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Geoff Johnson: What has changed since 1988 Sullivan Commission education report?

The clearest theme of the Sullivan Commission report, one that has yet to be fully realized, was that no two learners, not even identical twins, are identical in their learning needs, writes Geoff Johnson. THE CANADIAN PRESS/Carlos Osorio

It may be time for an updated look at public education in B.C., examining what has changed in B.C.’s school districts and classrooms since the July 15, 1988, Sullivan Commission report.

It’s 34 years since Commissioner Barry Sullivan travelled across B.C., and held 66 public hearings and 54 meetings with teachers, and took part in 23 student assemblies.

All told, Sullivan wrote in his report — called A Legacy for Learners: Report of the Royal Commission on Education — the commission received almost 2,350 written and oral submissions from individuals and groups all over the province.

That’s a pretty fair sampling of opinion about the direction in which those who participated hoped public education would be heading.

So what happened?

While it does not seem necessary to organize another Royal Commission, nobody — including those of us who lived through the whole process — could have guessed how much the delivery of public education would change over those 34 years.

As just one example, many classrooms in B.C. and across Canada today are equipped with some type of electronic screen as well as smartboards, iPads, desktop computers, smartphones and online access.

From inner-city schools to those in rural and remote towns, we have accepted technology in the classroom as a necessary and beneficial evolution in education.

And yet influential voices are now asking whether public education jumped onto the technology-revolution bus too quickly, while ignoring the less glitzy implications of other recommendations from the Sullivan report.

The Organisation for Economic Co-operation and Development said in a 2015 report that students who use computers very frequently in the classroom “do a lot worse in most learning outcomes,” and that “in the end technology can amplify great teaching but great technology cannot replace poor teaching.”

The OECD report, called Students, Computers and Learning: Making the Connection, examines how student use of information and communication technology devices has progressed, and how schools are struggling to integrate the rapidly changing nature of technology into student learning.

Based on 2012 results from PISA, OECD’s Programme for International Student Assessment, the report discussed differences in access to and uses of technology in teaching and learning. Some of these differences are related to socioeconomic status, gender and even geographic location.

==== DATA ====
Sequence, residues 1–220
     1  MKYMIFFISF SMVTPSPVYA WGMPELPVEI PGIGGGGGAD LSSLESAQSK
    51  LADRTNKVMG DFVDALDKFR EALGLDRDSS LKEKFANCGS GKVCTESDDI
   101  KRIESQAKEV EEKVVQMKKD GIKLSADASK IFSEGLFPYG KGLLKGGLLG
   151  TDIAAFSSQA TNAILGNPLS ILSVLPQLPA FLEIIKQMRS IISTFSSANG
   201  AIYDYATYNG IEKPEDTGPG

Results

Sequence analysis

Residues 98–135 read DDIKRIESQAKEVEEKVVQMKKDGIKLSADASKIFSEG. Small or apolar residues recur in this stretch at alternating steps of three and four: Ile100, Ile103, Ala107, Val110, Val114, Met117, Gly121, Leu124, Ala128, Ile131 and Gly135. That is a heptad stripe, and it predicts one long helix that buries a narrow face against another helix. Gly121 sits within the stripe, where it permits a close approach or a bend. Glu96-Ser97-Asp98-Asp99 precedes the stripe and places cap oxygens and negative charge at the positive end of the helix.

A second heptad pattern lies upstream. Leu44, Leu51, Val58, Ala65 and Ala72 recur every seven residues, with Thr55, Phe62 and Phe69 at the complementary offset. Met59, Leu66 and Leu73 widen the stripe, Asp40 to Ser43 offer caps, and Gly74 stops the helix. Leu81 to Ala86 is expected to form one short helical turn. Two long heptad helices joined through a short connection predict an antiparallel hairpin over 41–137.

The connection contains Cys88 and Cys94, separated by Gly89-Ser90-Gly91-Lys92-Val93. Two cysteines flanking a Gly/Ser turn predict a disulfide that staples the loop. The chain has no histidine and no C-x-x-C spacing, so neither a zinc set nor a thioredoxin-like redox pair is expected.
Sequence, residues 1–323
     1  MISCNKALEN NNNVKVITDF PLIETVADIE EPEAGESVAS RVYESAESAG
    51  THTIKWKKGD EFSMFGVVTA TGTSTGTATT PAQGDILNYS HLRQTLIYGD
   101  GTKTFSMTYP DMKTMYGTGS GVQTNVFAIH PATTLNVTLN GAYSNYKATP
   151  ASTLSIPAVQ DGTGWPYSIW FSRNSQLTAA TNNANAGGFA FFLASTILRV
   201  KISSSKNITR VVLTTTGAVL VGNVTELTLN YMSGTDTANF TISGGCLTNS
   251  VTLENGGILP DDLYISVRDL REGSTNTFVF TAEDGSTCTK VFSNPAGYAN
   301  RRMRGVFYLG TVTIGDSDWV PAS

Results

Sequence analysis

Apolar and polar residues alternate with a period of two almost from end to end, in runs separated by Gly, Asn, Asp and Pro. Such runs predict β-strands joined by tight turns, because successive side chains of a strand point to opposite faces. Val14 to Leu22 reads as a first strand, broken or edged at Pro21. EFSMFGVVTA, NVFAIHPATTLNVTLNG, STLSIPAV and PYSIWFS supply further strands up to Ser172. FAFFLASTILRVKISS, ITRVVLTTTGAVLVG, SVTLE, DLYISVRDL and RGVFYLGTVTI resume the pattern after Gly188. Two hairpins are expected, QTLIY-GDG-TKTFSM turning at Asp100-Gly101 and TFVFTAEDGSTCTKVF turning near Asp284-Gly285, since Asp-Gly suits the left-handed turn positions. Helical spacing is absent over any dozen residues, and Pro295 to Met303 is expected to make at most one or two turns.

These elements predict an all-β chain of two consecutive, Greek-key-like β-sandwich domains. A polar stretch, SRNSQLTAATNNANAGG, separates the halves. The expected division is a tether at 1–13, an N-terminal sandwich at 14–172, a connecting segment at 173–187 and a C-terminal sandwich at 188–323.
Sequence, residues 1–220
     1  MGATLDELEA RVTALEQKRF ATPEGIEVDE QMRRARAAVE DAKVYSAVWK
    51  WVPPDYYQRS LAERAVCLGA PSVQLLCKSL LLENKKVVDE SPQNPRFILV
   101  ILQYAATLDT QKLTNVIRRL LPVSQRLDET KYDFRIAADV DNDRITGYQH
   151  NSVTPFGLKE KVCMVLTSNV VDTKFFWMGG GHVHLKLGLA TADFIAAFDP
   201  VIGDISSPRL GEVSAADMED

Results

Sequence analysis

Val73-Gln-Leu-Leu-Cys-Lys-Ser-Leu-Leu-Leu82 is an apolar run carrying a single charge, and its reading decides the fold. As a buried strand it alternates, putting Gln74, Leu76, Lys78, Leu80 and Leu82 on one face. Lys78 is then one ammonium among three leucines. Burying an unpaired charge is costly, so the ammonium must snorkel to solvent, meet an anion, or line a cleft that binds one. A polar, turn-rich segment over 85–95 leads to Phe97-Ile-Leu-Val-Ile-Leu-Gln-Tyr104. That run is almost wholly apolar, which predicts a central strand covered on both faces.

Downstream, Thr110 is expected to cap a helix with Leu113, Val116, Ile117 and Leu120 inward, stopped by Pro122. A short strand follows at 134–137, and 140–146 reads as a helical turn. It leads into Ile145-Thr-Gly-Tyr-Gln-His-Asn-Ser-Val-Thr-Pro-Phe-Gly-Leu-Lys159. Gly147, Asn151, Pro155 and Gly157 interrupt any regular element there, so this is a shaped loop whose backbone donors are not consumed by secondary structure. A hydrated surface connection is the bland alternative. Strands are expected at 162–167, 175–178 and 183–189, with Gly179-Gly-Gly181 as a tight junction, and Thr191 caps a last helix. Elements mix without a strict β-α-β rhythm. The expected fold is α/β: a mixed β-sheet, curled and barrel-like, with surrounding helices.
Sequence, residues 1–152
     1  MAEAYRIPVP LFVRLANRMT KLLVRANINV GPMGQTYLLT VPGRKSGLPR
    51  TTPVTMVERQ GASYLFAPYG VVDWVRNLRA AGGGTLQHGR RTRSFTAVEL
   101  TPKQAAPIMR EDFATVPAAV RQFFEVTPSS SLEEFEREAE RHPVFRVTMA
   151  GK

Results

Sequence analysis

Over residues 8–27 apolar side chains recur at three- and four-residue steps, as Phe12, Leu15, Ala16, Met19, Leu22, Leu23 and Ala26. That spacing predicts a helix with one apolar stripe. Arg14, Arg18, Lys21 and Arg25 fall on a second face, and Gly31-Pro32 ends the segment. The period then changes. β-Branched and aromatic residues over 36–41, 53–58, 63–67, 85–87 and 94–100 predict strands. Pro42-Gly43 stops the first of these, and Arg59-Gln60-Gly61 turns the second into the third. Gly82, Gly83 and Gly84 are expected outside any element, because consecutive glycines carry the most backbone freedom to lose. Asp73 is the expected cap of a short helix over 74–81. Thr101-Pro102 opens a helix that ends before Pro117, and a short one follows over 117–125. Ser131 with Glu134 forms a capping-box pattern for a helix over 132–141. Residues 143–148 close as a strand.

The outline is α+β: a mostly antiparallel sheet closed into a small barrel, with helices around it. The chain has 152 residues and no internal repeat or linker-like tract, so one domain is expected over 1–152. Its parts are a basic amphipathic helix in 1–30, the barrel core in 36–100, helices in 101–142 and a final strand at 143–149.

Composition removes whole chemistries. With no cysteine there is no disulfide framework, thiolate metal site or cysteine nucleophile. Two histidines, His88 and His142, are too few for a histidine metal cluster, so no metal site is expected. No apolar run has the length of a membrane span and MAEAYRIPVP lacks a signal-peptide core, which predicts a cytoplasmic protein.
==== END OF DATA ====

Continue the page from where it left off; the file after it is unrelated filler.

Here in B.C., these differences have been magnified by the impact of COVID 19 on the school system.

The report highlights the importance of preparing children to learn to navigate their way through digital information. The report makes clear that all students need to be equipped with basic literacy and numeracy skills so they can participate fully in the hyper-connected, digitized world of the 21st century.

When the Carnegie Endowment for International Peace gathered 84 proposals from 51 organizations exploring how to overcome online misinformation, the most frequently recommended action was to raise the the digital literacy of those who consume that information.

But back to the Sullivan report. Perhaps the clearest theme, and one that has yet to be fully realized, was that no two learners, not even identical twins, are identical in their learning needs.

The Education Ministry’s “Year 2000” document, which emerged in response to the Sullivan report, identified several other influential themes that had major implications for the organization of teaching and learning.

The ministry document said, among other things, that individual learning requires the active participation of the learner, that students learn in a variety of ways and at different rates, and that learning is both an individual and a social process.

Those precepts, widely accepted by many experienced educators but rejected by some non-educators for a variety of reasons, had the potential to have a major impact on the delivery of public education.

They should have influenced the architectural design of schools, programs for teacher preparation, the integration of curriculum, student assessment and self-assessment practices, and the need to properly accommodate kids at either end of the intellectual and ability spectrum.

While there is no doubt that individual school districts have attempted to incorporate some aspects of the Year 2000 recommendations, the system as a whole has been slow to respond.

In some cases, individual districts or schools were successful; in other cases, the attempts were “small p” politicized and were abandoned.

What is overdue in 2022 is some scholarly examination of what changed or did not change as a result of the Sullivan Commission.

Geoff Johnson is a former superintendent of schools